Looking for information in all the wrong places?
That's a song that Internet searchers could sing day after day. Spending hours (even days) looking for something online can be frustrating. Here are some tips and favorite sites that our reference librarians use to find what they're looking for....
Play - Don't just use the Internet when you are under a time crunch to find something. The more comfortable you are using the Internet, the quicker you will find what you're looking for.
Check out the help section of search engines you're using
-This may seem obvious, or just plain boring, but they don't all work the same way. Also, the designs of web sites change all the time and this is the way to keep up with their features. For example – Google’s Help Center at http://www.google.com/support/?hl=en
gives great hints, such as adding the plus (+) or minus (-) sign to limit a search.
Pick a few search engines and learn all about them
- Skipping from search engine to search engine will make you more frustrated. Spend some time learning the features of a few search engines and you will be surprised to find that the quality of your result lists will increase. Search engines have their own personalities....some are more linear than others, some are organized like phone books, some search only websites they have "catalogued", and then there are those that you can't detect any organizational structure, but you still get good results (go figure)! To find a list of most of the search engines available out there, visit Internet Tutorials for a list of search engines at http://www.internettutorials.net/engines.asp
Try to be specific when selecting your search terms - Don't use obvious search terms, like ‘computer’ or ‘information’. If you use the word ‘computer’ when searching you will pull up millions and millions of pages you don't want. Add more terms that will help narrow the search down, such as ‘computer repair tutorials’.
Go to school – there are online tutorials that will help you learn how to surf the web. We recommend:
Includes lessons on search strategies, search engines, subject directories, how to find things on the “invisible web”, evaluating web pages, and much more.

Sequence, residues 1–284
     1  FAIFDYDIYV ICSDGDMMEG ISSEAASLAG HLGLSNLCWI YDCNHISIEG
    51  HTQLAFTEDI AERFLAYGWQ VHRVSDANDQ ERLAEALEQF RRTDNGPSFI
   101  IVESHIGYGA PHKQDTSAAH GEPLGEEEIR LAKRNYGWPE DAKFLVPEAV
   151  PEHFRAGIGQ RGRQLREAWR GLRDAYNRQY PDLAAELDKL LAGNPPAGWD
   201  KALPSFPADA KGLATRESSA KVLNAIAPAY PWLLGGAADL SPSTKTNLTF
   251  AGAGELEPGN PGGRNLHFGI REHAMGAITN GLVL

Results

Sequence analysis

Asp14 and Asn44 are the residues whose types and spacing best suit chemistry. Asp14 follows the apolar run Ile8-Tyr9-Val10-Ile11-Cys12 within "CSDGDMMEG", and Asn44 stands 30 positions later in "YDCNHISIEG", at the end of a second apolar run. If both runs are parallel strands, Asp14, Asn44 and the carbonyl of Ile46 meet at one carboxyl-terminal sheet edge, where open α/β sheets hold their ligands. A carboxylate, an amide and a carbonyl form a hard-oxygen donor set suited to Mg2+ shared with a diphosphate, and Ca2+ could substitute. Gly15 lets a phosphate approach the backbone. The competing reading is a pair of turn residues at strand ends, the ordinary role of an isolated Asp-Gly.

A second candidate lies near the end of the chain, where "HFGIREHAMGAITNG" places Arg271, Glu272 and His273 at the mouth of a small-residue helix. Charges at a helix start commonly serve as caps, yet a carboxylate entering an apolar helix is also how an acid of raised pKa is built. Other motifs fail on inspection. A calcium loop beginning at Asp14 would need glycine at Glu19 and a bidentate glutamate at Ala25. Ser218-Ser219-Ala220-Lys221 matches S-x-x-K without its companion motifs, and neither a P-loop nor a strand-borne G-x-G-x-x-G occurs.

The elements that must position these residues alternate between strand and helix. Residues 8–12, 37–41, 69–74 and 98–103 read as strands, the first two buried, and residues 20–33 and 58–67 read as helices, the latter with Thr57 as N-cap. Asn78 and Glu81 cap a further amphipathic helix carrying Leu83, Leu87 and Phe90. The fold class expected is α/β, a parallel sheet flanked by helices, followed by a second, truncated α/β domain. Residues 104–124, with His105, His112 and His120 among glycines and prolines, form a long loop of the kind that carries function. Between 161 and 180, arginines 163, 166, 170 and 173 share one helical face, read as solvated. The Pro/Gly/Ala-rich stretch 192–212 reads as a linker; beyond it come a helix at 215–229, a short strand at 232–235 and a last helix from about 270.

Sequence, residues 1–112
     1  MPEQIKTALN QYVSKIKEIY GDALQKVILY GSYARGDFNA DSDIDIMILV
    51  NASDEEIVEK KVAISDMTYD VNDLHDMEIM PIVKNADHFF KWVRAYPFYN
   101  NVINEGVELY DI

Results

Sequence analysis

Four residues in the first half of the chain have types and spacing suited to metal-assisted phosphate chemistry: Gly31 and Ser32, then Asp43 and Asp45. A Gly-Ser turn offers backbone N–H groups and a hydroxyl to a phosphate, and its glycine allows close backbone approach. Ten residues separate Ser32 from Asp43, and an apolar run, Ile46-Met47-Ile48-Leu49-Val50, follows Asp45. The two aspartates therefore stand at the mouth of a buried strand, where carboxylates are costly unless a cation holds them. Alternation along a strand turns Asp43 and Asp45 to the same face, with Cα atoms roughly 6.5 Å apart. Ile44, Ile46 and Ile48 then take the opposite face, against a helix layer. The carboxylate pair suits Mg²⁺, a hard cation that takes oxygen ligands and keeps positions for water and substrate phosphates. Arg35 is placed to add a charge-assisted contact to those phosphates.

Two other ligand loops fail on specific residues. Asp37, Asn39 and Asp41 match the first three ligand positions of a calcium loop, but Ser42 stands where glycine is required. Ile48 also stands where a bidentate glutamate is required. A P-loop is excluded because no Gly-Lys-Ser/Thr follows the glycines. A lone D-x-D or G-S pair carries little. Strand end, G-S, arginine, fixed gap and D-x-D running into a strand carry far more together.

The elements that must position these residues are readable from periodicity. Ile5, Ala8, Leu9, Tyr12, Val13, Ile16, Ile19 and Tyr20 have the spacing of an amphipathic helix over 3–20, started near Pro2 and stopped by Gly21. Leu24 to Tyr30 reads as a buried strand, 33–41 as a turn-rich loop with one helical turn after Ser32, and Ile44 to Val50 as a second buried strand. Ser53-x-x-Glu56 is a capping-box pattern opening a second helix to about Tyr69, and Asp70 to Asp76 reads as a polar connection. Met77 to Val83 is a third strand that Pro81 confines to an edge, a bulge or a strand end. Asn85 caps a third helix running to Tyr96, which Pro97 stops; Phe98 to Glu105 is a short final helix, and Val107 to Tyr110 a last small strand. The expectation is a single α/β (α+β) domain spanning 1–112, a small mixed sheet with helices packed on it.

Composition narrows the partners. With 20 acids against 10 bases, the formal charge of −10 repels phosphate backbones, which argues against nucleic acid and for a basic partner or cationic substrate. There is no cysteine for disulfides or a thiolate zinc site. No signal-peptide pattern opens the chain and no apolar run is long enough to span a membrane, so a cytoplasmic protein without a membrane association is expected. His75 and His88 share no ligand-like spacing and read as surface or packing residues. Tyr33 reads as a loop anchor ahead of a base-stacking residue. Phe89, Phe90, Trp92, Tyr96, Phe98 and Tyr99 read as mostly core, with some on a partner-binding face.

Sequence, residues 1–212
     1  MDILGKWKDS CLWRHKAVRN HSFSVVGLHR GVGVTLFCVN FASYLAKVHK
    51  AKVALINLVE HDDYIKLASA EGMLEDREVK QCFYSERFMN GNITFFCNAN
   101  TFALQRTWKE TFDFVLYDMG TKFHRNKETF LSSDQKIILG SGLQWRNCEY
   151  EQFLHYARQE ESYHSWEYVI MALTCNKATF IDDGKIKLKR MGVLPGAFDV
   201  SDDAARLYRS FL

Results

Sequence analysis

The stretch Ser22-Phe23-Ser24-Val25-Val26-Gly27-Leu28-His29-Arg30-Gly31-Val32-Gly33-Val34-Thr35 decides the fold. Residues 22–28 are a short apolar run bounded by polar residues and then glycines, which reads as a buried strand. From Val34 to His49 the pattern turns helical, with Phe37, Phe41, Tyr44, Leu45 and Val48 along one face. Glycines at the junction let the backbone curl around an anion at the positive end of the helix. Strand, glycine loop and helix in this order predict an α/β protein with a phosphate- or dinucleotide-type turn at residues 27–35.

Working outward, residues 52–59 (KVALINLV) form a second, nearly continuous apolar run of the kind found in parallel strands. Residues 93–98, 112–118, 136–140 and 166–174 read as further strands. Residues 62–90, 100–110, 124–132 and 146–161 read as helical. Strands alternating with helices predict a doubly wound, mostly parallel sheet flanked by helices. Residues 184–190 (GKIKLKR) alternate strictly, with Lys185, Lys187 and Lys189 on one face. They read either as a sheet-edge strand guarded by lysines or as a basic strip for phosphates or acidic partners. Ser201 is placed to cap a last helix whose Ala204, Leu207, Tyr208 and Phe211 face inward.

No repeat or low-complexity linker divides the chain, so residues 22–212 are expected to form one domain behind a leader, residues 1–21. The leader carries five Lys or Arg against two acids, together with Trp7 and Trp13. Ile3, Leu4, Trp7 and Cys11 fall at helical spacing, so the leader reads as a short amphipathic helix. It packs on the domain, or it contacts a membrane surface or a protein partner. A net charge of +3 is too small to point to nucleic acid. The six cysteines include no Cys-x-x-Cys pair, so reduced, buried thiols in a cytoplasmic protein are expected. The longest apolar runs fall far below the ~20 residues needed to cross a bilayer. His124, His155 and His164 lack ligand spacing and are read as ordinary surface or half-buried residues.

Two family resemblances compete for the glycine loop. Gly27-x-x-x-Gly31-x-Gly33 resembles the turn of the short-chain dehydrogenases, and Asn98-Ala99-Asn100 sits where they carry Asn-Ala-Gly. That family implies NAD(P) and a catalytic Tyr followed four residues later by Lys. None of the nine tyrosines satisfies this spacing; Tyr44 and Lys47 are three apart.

Learn how to search effectively using Google.
This site offers tutorials in English, Spanish, French, German and Italian. Topics include finding information on the web, using e-mail, and building a web site.
Aimed at students, but has good advice on how to "sort out the gems from the junk on the Internet".
You will not find everything on the Internet: Some information is still best found elsewhere. People are scanning furiously to get things online but, due to copyright laws and the law of “there isn't enough time in the day”, you may find that coming in to the library is still the quickest way to find what you need.
Favorite online resources that CRRL librarians use to find information:
The library subscribes to reference databases and you can access them with your 14-digit library barcode. There is information at your fingertips about health, business, current events, literature, and people (biographies). Access our databases using the Articles & Databases
link under our "Library Basics" menu.
Google or Yahoo
– basic search engines and all are good for general information. Try each sites advanced search to see how you can perform a more targeted search.
CRRL Librarians also recommend these websites/search engines:
Open Directory Project
: a good fallback when search engines don't find what you need. It provides human expertise on all sorts of subjects.
- metasearch engine – it searches many web search engines so you don’t have to
- the “Fact checker for the Internet” – provides links to thousands of great web sites
– for basic information on almost any topic
Just can't find what you want?
Call us! Sometimes the information you are seeking will not be found online, but in a book or magazine. You can call one of our reference desks (phone numbers can be found here: http://www.librarypoint.org/branches
) for help in locating resources. Or try our "Get Personal Assistance" online reference service at www.librarypoint.org/personal_assistance
. You can chat live with a librarian or send an e-mail to a librarian, 24 hours a day, 7 days a week!